“I make photographs in quite a slow, considered way.” Richard Aldred Photography
Richard Aldred (born 1982) is a contemporary photographer currently based in Malvern, England. He has an undergraduate degree in Commercial Photography from “Liverpool John Moores University”, and a postgraduate degree in Photography from the University of Bolton. For Richard Aldred photography has recently turned from a hobby to something more serious.
Artist statement: “I’m a photographer with both commercial and artistic practice. Commercially, I undertake mostly architectural, editorial and documentary-style work. Recent personal projects have explored the importance of leisure and everyday activities in forming communities and relationship to place.”
Richard Aldred, why did you become a photographer? And what does photography mean to you?
It was initially a portable hobby while I travelled with work. As my interest and ability developed, it became a medium to share my interests and my way of seeing, and, more recently, my job.
A photographer has many “tools” at hand to bring across his message: lenses, lighting, framing, color treatment etc. Can you elaborate a little bit on the techniques you used for this particular project in order to link form and content?
With practice, the technical choices become almost second nature. I selected some of my lenses to render scenes in particular ways, but, having bought them, this isn’t a frequent consideration.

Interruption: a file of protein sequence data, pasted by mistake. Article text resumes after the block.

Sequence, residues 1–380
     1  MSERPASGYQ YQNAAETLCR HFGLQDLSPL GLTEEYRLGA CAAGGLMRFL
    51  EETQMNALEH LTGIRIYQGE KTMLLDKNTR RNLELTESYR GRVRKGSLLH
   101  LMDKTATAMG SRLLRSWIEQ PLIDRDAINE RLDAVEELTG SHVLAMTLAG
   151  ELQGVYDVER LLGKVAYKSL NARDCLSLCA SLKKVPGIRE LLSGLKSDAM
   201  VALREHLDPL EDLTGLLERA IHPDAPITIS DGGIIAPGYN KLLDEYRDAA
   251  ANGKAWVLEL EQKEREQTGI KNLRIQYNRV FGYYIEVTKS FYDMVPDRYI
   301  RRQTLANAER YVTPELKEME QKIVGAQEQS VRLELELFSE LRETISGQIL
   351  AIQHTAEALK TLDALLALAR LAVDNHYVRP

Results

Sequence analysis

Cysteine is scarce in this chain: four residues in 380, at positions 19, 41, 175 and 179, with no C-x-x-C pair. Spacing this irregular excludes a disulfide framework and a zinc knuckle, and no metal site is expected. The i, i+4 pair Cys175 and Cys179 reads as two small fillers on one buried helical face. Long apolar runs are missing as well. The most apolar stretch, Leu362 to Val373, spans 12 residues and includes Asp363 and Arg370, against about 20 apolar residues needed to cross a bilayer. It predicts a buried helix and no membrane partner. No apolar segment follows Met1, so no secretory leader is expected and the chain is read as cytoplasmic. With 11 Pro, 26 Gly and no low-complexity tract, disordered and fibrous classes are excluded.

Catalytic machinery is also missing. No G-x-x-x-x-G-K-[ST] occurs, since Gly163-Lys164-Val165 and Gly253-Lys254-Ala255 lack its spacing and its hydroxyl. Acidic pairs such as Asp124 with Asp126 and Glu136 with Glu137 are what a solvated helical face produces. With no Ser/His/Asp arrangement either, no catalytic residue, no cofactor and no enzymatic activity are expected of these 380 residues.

I make photographs in quite a slow, considered way. They have a sense of authorship – they are made following the same approach, and represent the interests I find in places. This shared view, and consistencies of light and colour palette help make each series feel cohesive.
This is a potential pairing from my current project called “Lesser Monuments”. I’m not sure whether I’ll use it yet, as it could be considered to be making negative social comment, which I don’t intend. The link is more abstract. Each has a quietness and a large-scale, one of width and size of barrier obstructing view, and one of depth.
In other words: How would you describe your photographic language and creative process?
“I see a scene to which I respond, and then find the particular angle and distance.”
Initially, I was self-taught and had the freedom and time to develop my own interests. I look at a lot of photography and visual art. This refined (and continues to develop) my ideas about how I want to represent my subjects, and I took a course to ensure I had the technical skills to realize these visual ideas. I then took another course to strengthen my theoretical knowledge and ability to discuss my work.
I make most of my photographs while walking or cycling. I see a scene to which I respond, and then find the particular angle and distance to subject which best convey what interests me about it.
More images from Richard Aldred Photography
What reaction do you intend to provoke in people looking at you photos?